Summary

Over the last year (June 2015-16) DToCs have increased considerably. For health the figures have increased, but for social care they have increased significantly. This follows a similar upward trend since June 2011, particularly over the last two years for social care.

Total figures

  • In June 2016, the number of delayed days were 171,298, for June 2015 there were 139,538 days. This represents a 23% increase over the last year. This is the second highest number of total delayed days reported in a month since monthly data was first collected for August 2010. The highest month was May 2016 with 171,452 days.

Social care

  • In June 2015, the number of delayed days for social care reasons was 43,727. This rose to 55,177 (second highest on record) in June 2016, which represents a 26% increase over the last year. (In May 2016 there were 56,041 days – highest on record).

Health

  • In June 2016, the number of delayed days for health causes was 102,559 (highest on record) individual days, whereas, in June 2015 it was 85,870 which represents a 19% increase over the last year. 

Both health and social care

  • In June 2015, there were 9,941 days which increased to 13,562 in June 2016. This represented a 36% increase.

Attributable to social care

  • 2% were attributable to social care in June 2016, which is up from 31.3% compared to June 2015. In May 2016, 32.7% of delays were attributable to social care. See attached document which shows further trends (tabs 3-4).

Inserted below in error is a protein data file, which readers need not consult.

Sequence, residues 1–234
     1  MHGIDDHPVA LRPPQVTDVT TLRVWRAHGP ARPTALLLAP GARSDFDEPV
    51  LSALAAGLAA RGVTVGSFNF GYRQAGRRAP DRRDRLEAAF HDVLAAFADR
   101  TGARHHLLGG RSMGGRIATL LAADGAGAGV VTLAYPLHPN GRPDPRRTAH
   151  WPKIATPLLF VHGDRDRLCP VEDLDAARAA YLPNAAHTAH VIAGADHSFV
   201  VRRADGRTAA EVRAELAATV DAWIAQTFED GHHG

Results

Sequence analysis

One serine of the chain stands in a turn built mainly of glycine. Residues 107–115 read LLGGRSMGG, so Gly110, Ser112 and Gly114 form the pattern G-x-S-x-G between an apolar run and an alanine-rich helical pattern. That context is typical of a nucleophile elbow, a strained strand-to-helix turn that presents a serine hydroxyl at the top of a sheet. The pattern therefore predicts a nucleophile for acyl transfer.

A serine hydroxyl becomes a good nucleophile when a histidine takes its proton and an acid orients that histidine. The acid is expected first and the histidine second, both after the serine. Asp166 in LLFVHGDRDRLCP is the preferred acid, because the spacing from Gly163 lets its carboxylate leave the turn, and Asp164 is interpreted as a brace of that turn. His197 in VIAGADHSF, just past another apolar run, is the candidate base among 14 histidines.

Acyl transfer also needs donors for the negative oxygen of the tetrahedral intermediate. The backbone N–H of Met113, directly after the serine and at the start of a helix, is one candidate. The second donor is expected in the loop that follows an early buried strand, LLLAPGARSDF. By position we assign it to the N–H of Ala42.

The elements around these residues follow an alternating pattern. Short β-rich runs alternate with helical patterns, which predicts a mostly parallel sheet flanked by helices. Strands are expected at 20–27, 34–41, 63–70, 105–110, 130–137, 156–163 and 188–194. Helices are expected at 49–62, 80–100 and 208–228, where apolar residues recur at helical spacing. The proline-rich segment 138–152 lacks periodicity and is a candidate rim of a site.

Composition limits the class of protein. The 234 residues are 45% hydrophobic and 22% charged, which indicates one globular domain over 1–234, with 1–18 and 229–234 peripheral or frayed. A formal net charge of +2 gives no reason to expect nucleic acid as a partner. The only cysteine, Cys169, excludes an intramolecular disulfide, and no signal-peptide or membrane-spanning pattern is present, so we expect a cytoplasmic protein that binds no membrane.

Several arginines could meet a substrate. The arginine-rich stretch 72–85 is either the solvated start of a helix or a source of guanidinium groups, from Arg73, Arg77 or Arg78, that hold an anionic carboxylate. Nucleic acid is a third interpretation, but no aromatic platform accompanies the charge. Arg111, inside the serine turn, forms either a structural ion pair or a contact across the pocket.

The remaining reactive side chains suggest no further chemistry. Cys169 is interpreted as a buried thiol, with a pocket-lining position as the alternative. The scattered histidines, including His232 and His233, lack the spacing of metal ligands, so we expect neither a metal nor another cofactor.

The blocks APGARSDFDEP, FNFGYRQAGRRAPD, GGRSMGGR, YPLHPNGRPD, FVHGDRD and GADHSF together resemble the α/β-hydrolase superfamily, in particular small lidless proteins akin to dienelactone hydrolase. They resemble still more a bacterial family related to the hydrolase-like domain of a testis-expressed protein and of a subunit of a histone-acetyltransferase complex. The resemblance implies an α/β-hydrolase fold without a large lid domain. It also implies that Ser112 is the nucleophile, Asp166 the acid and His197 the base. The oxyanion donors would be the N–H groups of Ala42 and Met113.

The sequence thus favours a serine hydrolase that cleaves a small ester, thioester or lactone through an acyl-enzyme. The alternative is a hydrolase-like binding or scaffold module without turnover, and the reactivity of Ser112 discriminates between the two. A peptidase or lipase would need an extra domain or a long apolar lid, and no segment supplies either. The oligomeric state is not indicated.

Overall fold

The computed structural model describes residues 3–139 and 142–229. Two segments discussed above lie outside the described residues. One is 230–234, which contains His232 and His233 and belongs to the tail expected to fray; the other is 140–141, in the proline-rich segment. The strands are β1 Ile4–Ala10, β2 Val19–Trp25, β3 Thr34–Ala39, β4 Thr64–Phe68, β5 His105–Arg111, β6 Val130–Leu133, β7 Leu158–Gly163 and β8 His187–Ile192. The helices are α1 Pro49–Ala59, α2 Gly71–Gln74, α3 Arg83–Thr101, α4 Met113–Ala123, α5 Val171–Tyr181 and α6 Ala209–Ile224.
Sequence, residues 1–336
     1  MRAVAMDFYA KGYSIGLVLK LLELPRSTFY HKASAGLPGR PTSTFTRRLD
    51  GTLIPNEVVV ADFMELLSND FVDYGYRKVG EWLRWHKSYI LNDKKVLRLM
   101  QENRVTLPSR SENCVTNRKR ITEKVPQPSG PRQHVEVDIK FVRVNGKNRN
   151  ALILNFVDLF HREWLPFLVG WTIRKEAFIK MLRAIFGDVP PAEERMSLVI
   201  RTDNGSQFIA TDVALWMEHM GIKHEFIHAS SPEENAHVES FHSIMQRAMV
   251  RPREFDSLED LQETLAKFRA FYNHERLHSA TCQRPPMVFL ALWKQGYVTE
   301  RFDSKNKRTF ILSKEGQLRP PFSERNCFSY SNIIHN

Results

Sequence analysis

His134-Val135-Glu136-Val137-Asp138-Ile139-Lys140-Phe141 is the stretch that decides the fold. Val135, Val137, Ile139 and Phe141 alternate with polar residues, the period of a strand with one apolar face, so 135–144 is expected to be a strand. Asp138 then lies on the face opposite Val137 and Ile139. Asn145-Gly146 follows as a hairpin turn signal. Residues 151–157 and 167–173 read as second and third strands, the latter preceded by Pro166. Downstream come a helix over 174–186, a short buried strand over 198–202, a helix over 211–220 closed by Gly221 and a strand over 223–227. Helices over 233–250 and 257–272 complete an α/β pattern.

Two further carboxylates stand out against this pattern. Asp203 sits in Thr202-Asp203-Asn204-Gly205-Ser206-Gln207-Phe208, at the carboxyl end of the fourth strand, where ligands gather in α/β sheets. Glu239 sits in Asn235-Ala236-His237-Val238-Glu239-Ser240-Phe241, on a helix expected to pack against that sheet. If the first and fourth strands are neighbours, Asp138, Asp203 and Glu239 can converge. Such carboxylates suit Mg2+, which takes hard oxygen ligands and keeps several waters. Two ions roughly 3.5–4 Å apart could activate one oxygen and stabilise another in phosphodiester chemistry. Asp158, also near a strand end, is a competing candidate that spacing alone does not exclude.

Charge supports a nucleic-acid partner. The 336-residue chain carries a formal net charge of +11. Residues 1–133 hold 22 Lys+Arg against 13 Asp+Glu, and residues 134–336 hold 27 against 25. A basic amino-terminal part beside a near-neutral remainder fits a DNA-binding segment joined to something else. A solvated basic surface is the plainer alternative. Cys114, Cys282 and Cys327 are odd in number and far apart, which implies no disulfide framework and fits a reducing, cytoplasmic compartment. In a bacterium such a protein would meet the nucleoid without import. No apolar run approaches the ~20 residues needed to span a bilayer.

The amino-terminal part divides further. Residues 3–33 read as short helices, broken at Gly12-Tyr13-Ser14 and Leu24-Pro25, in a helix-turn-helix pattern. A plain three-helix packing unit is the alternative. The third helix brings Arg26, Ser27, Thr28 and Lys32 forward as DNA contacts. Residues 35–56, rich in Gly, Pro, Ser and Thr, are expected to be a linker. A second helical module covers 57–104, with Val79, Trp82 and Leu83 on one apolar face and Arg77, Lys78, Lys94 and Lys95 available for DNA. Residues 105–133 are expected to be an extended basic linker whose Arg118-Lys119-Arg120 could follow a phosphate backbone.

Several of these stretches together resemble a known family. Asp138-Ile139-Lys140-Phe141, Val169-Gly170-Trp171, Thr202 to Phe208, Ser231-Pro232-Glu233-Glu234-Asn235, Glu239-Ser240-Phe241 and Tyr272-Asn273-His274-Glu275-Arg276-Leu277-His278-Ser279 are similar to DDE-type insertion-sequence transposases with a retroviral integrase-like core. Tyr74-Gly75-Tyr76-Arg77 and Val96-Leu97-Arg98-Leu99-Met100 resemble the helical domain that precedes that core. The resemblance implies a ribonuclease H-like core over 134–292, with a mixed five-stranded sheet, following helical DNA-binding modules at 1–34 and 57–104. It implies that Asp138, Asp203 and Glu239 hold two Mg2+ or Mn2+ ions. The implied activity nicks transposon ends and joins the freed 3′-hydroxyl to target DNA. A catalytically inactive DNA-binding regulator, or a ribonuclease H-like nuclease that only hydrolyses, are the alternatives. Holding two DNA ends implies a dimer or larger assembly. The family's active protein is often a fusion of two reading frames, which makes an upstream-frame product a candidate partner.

Peak

  • DToC peaked in May 2016 with 171,452 individual days and for social care in May 2016 with 56,041 days. June’s days are both just below these figures.

 

The next figures are due out on 8th September 2016 which will be for July 2016.

 

Reasons for the delay

  • Social care - The main reason for social care delays in June 2016 was patients awaiting care package in their own home. This accounted for 19,700 delayed days (35.7% of all social care delays), compared to 15,000 in June 2015.
  • For both health and social care there were 4,869 days attributable to awaiting completion of assessment.
  • Health - The main reason for NHS delays in June 2016 was patients awaiting further non-acute NHS care (including intermediate care, rehabilitation services etc.). This accounted for 29,500 delayed days (28.8% of all NHS delays).

 

Trends over the last five years

 

Total

  • Over the last five years (June 2011 – June 2016) the total number of individual days has risen from 117,075 to 171,298. This represents a 46%
  • There have been particularly pressures over the last two years, in June 2014 there were 124,118 days.

Social Care

  • A similar trend for social care. Over the last five years (June 2011 - June 2016) the total number of individual days has risen from 37,593 to 55,177. This represents a 47% increase.
  • There have been particularly pressures over the last two years, June 2014 there were 30,599 days. There has been a 23% increase in delays over the last two years. See attached document which shows further trends (tabs 1-2, 5-6).

Attributable to social care

  • 2% were attributable to social care in June 2016, which is up from 24.7% in June 2014. Historically over the last five years, the delays attributable to social care was mid-late twenties. However, over the last year this has risen to early thirties.

Health

  • Over the last five years (June 2011 – June 2016) the total number of individual days has risen from 71,638 to 102,559. This represents a 43% increase.
  • There have been particularly pressures over the last two years, June 2014 there were 85,051 days.

Emergency admissions

  • There were 480,000 emergency admissions in the month, 4.7% higher than the same month last year.